GREENVILLE — Exactly 115 years ago today, the Greenville Evening Banner reported what is perhaps the biggest scandal in Greenville’s history: the mysterious, late-night deaths of millionaire Thomas H. King along with two women in a cattle pond.
King, Greenville’s wealthiest resident who made a fortune in banking and cattle operations, was one of four people who went swimming the night of June 16, 1897. Three of them ended up dead, and the lone survivor was never prosecuted.
In a truly bizarre coincidence, Greenville resident Pud Kearns, with the help of local historian Carol Taylor, was sorting through some old family papers this past week — just days before the actual June 16 anniversary of the tragedy — when she came across a folder labeled “Desserts.” Inside the folder Kearns found a fragile, folded copy of an edition of the Evening Banner which had probably been saved by her great-grandmother.
Kearns was amazed when Taylor, on closer examination of the newspaper, said, “Look at this headline.”
The paper was dated June 17, 1897, and the headline said, “Three Tragic Deaths, T.H. King, Miss Kate Austin and Miss Schenck Drowned, Were Bathing in Mr. King’s Pool. Their Bodies Recovered and Brought to the City.”
A Greenville native, Kearns was familiar with the King mystery and could hardly believe her good fortune in finding an original copy of the news story. The 115-year-old newspaper’s account sheds new light on a puzzle that remains unsolved to this day.
The news story’s lead sentence reported the drowning, adding it “has been the sole topic of conversation on the streets today.”
Gossip is probably a more accurate description of the talk around town. Rumor had it that Kate Austin was King’s mistress and that she was pregnant with his child. He had installed her in a small cottage on Washington Street, directly across from the large home he occupied with his wife and three children. Austin had come to Greenville with few resources, but at the time of her death she owned a considerable amount of real estate, presumably given to her by her lover.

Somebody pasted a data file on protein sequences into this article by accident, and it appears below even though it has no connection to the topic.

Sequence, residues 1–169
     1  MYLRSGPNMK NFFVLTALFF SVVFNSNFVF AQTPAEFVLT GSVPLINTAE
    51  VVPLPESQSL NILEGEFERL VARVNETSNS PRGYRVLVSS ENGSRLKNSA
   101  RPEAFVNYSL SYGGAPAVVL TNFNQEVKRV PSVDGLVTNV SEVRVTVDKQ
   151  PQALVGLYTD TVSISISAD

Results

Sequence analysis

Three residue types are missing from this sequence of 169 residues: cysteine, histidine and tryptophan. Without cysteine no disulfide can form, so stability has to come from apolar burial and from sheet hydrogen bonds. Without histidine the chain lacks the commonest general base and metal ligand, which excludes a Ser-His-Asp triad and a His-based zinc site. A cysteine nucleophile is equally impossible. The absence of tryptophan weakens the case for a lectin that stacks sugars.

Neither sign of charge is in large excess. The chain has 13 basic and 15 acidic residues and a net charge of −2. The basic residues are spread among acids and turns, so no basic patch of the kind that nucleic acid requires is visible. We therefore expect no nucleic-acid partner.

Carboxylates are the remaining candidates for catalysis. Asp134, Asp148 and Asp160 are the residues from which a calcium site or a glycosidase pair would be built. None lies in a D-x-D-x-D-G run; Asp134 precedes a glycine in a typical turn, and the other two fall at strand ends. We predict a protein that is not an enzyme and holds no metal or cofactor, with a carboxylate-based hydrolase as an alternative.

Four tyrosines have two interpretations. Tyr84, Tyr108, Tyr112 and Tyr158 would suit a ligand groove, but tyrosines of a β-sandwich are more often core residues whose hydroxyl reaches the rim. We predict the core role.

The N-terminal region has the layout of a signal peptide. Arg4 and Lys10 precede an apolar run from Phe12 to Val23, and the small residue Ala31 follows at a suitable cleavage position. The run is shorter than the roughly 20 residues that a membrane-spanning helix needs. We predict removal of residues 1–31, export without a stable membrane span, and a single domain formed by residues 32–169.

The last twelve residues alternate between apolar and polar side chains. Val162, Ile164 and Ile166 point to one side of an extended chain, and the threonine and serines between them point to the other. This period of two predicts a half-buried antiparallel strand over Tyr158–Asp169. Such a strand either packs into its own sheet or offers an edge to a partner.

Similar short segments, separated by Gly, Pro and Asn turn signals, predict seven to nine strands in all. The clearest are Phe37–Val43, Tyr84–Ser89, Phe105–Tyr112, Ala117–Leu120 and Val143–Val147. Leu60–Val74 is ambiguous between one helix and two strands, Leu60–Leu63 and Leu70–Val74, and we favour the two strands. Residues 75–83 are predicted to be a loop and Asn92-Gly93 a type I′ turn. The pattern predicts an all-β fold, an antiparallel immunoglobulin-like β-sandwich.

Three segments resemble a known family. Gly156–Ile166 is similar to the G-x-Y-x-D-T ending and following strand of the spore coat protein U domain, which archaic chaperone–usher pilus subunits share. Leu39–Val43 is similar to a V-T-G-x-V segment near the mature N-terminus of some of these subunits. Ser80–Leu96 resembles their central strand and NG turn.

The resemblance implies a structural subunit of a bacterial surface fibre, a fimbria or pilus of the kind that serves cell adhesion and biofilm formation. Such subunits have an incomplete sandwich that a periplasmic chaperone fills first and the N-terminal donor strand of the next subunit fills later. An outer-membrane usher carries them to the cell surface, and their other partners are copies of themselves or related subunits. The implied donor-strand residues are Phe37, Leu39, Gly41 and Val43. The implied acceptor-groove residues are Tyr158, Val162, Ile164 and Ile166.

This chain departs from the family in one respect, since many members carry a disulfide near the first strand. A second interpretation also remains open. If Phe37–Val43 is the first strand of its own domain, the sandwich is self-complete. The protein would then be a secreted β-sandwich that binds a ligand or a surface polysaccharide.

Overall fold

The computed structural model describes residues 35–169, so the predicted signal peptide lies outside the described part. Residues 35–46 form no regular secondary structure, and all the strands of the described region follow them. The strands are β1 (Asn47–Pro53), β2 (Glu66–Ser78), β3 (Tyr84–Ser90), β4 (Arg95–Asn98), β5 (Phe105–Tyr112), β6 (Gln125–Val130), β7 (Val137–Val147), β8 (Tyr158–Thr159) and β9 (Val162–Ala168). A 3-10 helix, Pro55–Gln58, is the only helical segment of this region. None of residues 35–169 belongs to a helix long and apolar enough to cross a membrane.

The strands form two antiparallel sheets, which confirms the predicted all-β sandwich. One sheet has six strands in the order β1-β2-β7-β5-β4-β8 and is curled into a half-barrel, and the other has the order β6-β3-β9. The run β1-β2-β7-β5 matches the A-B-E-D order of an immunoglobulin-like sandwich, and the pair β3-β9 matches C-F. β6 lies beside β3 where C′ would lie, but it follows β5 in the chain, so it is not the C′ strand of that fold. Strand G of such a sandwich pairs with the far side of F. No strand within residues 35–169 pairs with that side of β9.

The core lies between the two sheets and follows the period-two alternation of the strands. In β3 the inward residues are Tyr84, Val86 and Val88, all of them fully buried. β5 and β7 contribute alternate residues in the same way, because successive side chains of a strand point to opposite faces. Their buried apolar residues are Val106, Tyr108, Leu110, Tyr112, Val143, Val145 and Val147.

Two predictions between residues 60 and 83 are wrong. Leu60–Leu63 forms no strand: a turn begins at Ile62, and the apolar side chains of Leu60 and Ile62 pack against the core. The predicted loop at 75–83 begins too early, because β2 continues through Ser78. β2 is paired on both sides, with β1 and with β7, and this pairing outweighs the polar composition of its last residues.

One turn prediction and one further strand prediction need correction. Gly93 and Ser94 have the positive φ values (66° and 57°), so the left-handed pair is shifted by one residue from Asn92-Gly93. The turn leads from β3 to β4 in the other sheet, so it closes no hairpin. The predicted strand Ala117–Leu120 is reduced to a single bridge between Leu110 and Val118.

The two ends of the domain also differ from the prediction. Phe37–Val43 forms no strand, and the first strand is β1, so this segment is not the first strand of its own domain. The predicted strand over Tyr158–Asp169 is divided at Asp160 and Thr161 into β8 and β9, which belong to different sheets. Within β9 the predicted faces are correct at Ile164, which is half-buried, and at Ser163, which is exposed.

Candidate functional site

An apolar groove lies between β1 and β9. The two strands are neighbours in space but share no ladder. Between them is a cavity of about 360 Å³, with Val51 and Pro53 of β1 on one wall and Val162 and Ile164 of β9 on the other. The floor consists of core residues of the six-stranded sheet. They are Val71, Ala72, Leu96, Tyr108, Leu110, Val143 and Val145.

In sworn testimony, Fred Norsworthy, who was the loan officer of King’s First National Bank, later said he had accompanied his employer out to a pasture on property owned by King, northwest of Greenville. “By chance” they met Kate Austin and her friend, Ida Schenck, who had driven out in Kate’s buggy. About 9:30 or 10 p.m., the foursome decided to undress, get into their bathing clothes and take a dip in the pond. Neither of the women could swim.
According to the newspaper account, Norsworthy said, “I led Miss Schenck into the water about four feet deep and Mr. King and Miss Kate also went into the water together ... Mr. King and Miss Kate turned in a northerly direction towards deep water, and Miss Schenck and myself turned a little south where the water was not so deep. We were all talking and playing in the water when all at once my attention was attracted by Mr. King calling ‘Fred! Fred!’ ... They were both out in deep water and Mr. King had both hands upraised and was making motions as if trying to swim, and at the same time Miss Kate appeared to be holding to Mr. King’s shoulders.”